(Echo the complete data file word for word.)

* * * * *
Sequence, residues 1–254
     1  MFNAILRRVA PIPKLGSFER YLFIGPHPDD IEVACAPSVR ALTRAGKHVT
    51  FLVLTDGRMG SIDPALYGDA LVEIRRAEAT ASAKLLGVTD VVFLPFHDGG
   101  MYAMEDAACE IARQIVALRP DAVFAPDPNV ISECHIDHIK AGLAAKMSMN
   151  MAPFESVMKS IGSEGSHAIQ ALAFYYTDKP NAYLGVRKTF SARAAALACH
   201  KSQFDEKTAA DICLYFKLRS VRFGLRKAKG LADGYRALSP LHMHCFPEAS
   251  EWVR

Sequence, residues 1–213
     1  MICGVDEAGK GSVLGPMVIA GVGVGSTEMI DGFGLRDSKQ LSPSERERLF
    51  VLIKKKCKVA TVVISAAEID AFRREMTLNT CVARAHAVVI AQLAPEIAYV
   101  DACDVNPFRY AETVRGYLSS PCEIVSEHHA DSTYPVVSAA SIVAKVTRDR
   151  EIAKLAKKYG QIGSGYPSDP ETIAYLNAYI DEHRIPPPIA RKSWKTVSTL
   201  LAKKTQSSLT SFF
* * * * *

Sequence, residues 1–254
     1  MFNAILRRVA PIPKLGSFER YLFIGPHPDD IEVACAPSVR ALTRAGKHVT
    51  FLVLTDGRMG SIDPALYGDA LVEIRRAEAT ASAKLLGVTD VVFLPFHDGG
   101  MYAMEDAACE IARQIVALRP DAVFAPDPNV ISECHIDHIK AGLAAKMSMN
   151  MAPFESVMKS IGSEGSHAIQ ALAFYYTDKP NAYLGVRKTF SARAAALACH
   201  KSQFDEKTAA DICLYFKLRS VRFGLRKAKG LADGYRALSP LHMHCFPEAS
   251  EWVR

Sequence, residues 1–213
     1  MICGVDEAGK GSVLGPMVIA GVGVGSTEMI DGFGLRDSKQ LSPSERERLF
    51  VLIKKKCKVA TVVISAAEID AFRREMTLNT CVARAHAVVI AQLAPEIAYV
   101  DACDVNPFRY AETVRGYLSS PCEIVSEHHA DSTYPVVSAA SIVAKVTRDR
   151  EIAKLAKKYG QIGSGYPSDP ETIAYLNAYI DEHRIPPPIA RKSWKTVSTL
   201  LAKKTQSSLT SFF